Worldwide Attention on Health Inequities for People with Disabilities Stands to Finally Move the Needle from Disregard to Value of the Lives of People with Disabilities
The World Health Organization (WHO) released the WHO Global Report on Health Equity for Persons With Disabilities on December 2, 2022, in Geneva. The report highlights longstanding health disparities experienced by over one billion people with disabilities worldwide and provides the steps to reduce them. Intellectability is tirelessly focused on reducing health inequities for people with intellectual or developmental disabilities by educating those in the healthcare industry who have been entrusted with caring for people with IDD. By cultivating greater competency and removing attitudinal barriers, physicians and caregivers will have the tools necessary to provide equitable, informed care.
(Clearwater, FL) December 12, 2022
“How long must we be fighting for our right to living” sings musical artist Gaelynn Lea from her wheelchair at the launch of the Global Report on Health Equity of Persons with Disabilities. This sentiment has been echoed for many years in the disability world.
The WHO Global Report on Health Equity for Persons With Disabilities (1) highlights new numbers of an estimated 1.3 billion people worldwide with disabilities translating to roughly 1 in 6 people experiencing a significant disability. This includes people with intellectual and developmental disabilities (IDD), estimated to encompass 10-15 million people in the United States.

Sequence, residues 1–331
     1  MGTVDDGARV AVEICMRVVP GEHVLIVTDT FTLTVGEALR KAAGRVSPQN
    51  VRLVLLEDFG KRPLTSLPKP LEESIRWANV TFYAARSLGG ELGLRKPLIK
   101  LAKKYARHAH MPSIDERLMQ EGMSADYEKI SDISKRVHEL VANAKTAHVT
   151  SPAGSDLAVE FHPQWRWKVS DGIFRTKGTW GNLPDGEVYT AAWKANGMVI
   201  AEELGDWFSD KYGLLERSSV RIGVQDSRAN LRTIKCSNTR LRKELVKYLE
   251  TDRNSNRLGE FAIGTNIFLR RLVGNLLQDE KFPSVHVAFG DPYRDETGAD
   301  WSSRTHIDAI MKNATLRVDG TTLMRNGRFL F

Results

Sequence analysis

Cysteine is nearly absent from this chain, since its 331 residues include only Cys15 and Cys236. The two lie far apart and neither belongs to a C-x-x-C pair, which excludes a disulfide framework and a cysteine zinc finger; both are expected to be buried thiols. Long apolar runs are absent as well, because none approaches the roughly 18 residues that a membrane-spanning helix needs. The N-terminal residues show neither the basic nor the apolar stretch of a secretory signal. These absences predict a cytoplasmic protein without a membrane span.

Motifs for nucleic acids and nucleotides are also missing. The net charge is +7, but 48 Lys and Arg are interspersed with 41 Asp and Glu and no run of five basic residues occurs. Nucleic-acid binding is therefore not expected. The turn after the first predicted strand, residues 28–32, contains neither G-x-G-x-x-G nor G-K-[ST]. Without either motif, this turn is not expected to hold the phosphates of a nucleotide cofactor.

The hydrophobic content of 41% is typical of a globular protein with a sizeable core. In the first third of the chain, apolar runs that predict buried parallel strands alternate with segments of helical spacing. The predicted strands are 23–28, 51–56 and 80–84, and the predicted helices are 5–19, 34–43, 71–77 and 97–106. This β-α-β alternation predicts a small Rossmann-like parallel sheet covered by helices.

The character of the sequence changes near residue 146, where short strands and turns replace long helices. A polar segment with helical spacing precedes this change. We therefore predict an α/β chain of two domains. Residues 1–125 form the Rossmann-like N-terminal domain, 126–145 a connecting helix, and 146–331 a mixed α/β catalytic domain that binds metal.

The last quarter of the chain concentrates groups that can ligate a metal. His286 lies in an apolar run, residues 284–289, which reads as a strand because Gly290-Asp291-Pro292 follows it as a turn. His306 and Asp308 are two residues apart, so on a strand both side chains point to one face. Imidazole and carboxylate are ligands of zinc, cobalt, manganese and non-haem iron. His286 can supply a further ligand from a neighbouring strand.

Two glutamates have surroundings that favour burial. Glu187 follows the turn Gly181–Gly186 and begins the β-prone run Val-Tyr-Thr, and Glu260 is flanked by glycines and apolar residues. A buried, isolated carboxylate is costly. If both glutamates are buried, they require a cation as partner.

This report is the third significant event in 2022, highlighting the dire need to improve the competency of health systems to deliver equitable healthcare for people with disabilities. The United States National Council on Disability released its Health Equity Framework for People with Disabilities (2) in February. In June, the Joint Commission released Sentinel Event Alert Number 65 (3), warning of the dangers of diagnostic overshadowing leading to misdiagnosis in people with disabilities.
The WHO report emphasizes that these health inequalities are not due to a person’s underlying health condition. They are due to avoidable health-related factors, including physical barriers, stigma, social determinants of health, and lack of education by clinicians to provide competent healthcare to people with IDD.
The document presents 40 actions focusing on improving the primary care healthcare approach to facilitate health equity for people with disabilities. One of the significant areas highlighted is the need to educate clinicians to improve clinical competency and remove attitudinal barriers that contribute to health disparities.
IntellectAbility, a company founded on improving health for people with IDD, has been taking action to reduce health disparities and inequities for years through its tools designed to identify often-missed health conditions and to educate all levels of supporters, including physicians, to foster greater competency and remove attitudinal barriers to health equity for people with IDD.
“Changing the healthcare system requires, first, a mindset change that the lives of people with intellectual and developmental disabilities are valuable and worth saving. The mindset change starts with education. We must educate healthcare and medical education leadership on the dire need to train providers to deliver equitable care for every human competently,” states Dr. Craig Escudé, a physician and president of IntellectAbility. “Dying up to 20 years earlier than those without disabilities from preventable causes can no longer be tolerated.”
According to the WHO, this 300-page report bolsters the missions of advocates, agencies, and organizations to make significant changes toward health equity for all. It provides direct, actionable steps that health systems and education entities should implement.
Escudé states, “The report provides a path to eliminating health inequities for people with disabilities. We can no longer say we don’t know what to do; we just have to do it.”